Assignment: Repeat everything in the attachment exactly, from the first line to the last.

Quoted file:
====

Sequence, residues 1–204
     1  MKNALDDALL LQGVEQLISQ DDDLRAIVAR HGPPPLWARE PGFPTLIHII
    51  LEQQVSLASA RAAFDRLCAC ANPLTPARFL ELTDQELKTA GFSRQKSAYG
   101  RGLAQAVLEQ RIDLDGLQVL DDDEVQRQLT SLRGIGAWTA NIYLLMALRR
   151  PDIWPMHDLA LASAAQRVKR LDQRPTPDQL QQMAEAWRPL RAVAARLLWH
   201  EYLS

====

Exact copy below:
Sequence, residues 1–204
     1  MKNALDDALL LQGVEQLISQ DDDLRAIVAR HGPPPLWARE PGFPTLIHII
    51  LEQQVSLASA RAAFDRLCAC ANPLTPARFL ELTDQELKTA GFSRQKSAYG
   101  RGLAQAVLEQ RIDLDGLQVL DDDEVQRQLT SLRGIGAWTA NIYLLMALRR
   151  PDIWPMHDLA LASAAQRVKR LDQRPTPDQL QQMAEAWRPL RAVAARLLWH
   201  EYLS